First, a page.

Alimony Modification

The purpose of an alimony award is "to assist the supported spouse in achieving a lifestyle that is reasonably comparable" to the marital standard of living. Crews v. Crews, 164 N.J. 11, 16 (2000). The court has the power to modify an alimony award based on changed circumstances. Lepis v. Lepis, 83 N.J. 139, 146 (1980); see also N.J.S.A. 2A:34-23 (providing that support orders "may be revised and altered by the court from time to time as circumstances may require"). The support award will be decreased to the extent it is unnecessary to maintain the standard of living of the dependent spouse. Lepis v. Lepis, supra, 83 N.J. at 152-53.

That all seems simply enough but as anyone that has ever dealt with a motion to modify alimony knows, it is anything but simple. In most cases, a motion to modify alimony is brought by the payor spouse because either his/her income went down and/or the receiving spouse's income has increased. Let's take that last one first. A significant improvement in the financial circumstances of the dependent spouse is a changed circumstance warranting reconsideration of a support award. Glass v. Glass, supra, 366 N.J. Super. at 371 (stating that "`a significant change for the better in the circumstances of the dependent spouse,' may obviate the need for continued support" (citation omitted)). However, the change must be "significant" and not a "modest" increase in income. Id. At 379. This is why your PSA should include a provision for the exchange of tax returns because you may otherwise not know if the receiving spouse is making more money.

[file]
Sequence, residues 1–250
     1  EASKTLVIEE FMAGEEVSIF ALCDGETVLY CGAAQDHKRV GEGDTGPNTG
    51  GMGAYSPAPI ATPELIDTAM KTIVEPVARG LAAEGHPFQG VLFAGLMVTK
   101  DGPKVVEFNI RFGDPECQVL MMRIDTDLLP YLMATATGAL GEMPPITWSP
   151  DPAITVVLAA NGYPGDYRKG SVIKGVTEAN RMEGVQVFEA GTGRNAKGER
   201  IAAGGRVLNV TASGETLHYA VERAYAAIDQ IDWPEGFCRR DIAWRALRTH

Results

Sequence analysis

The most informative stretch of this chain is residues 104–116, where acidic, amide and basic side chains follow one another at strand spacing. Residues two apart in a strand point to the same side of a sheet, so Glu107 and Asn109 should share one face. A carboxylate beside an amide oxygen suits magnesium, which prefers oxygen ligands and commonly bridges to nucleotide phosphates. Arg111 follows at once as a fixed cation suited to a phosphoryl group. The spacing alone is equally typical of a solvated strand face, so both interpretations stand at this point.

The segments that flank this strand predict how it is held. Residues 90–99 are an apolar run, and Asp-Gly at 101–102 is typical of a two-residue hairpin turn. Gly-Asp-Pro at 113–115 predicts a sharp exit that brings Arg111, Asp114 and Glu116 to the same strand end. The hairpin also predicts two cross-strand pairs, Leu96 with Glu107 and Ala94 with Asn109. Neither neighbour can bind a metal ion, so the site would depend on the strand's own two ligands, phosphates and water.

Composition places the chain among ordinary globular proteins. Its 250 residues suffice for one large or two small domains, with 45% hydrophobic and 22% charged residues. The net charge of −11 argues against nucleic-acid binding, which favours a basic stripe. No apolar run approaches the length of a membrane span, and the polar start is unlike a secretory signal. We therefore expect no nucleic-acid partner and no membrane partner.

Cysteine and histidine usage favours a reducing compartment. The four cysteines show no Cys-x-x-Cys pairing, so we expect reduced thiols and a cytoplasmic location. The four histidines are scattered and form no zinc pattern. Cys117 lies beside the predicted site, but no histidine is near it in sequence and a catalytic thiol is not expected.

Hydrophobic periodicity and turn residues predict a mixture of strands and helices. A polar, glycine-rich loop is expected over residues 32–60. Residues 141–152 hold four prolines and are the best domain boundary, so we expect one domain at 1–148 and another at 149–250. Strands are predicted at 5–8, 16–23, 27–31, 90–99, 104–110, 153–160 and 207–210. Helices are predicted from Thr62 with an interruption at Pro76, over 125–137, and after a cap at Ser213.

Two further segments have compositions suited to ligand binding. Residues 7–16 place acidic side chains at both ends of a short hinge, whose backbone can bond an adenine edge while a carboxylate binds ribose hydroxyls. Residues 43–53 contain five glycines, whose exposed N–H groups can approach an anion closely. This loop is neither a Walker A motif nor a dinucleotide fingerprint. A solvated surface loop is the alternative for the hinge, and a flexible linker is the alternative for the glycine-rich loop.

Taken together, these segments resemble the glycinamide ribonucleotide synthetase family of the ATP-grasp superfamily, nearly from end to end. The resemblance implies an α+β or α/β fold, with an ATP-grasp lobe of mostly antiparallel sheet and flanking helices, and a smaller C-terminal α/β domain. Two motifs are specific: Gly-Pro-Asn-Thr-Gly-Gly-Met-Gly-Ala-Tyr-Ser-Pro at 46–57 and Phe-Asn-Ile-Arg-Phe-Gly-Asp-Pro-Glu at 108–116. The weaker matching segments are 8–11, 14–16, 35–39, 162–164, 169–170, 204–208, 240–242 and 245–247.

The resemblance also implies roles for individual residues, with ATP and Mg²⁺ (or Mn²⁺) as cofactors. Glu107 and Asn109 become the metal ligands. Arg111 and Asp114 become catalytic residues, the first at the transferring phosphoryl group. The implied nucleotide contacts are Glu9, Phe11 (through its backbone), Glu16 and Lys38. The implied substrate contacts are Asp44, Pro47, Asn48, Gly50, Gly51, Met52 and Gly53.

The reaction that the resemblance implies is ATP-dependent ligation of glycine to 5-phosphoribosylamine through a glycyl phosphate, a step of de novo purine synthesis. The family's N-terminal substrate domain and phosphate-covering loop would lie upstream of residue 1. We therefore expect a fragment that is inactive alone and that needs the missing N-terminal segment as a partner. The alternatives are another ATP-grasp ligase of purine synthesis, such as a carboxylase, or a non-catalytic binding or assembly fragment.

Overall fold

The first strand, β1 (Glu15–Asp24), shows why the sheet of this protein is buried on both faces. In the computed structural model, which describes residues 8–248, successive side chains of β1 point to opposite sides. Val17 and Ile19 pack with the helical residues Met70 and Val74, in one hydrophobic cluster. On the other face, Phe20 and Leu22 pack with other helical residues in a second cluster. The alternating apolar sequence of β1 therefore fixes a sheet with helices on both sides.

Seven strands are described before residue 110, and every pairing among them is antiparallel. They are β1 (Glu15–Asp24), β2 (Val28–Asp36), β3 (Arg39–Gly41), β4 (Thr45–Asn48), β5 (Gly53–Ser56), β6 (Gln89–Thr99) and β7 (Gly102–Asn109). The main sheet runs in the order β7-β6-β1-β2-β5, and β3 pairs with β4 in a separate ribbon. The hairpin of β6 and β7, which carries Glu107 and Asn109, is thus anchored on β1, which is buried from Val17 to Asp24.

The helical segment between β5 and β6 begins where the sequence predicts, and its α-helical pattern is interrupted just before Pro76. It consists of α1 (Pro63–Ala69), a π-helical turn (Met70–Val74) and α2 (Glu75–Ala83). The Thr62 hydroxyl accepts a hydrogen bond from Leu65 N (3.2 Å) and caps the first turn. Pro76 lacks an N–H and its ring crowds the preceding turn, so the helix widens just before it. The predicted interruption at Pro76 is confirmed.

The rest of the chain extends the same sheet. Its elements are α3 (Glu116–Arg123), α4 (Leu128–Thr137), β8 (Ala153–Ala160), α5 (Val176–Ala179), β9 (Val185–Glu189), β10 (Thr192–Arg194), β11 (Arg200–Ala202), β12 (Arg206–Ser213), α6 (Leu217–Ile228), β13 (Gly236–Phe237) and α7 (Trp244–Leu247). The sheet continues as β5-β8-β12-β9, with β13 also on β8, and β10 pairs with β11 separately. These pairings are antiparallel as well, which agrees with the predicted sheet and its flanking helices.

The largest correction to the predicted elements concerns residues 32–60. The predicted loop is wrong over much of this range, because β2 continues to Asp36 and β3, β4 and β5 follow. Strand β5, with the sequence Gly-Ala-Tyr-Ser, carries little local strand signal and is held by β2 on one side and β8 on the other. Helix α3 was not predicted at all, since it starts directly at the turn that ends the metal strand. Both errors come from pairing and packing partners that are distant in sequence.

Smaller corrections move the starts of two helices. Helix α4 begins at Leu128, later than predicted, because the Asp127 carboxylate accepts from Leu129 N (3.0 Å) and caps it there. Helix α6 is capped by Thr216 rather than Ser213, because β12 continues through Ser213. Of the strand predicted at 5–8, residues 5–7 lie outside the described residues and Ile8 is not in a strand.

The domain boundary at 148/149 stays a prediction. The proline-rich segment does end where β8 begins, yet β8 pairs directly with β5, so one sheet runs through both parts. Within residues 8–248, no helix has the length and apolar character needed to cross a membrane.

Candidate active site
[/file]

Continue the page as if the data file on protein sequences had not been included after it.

A decrease in the payor spouse's income is much more difficult to deal with and I don't want to turn this website into a legal treatise. Compounding the problem here is that a brief period of unemployment is not a changed circumstance. Thus, at the first sign of a layoff, the best thing to do is to hire a lawyer to begin putting together a motion. However, it could take several months to pull this off because there is a lot that your lawyer has to help you put together. It can be quite a project but if done right, it can be successful.

When the motion is filed, the burden is on the litigant seeking a modification of the support award to first make a prima facie showing of changed circumstances. Crews v. Crews, supra, 164 N.J. at 28. Once a prima facie showing has been made, the court may order any necessary discovery and conduct a plenary hearing to resolve any questions of fact. Lepis v. Lepis, supra, 83 N.J. at 157-59. Whether to modify an alimony award based on changed circumstances rests in the sound discretion of the family court. Larbig v. Larbig, 384 N.J. Super. 17, 21 (App. Div. 2006). However, a post-judgment ESP and/or economic mediation can help win the case without the expense and aggravation of a full blown plenary hearing (aka trial). This firm has consistently used these methods to help our clients achieve great results while also minimizing expenses.

Call us anytime.

Free initial consultation. All major credit cards accepted.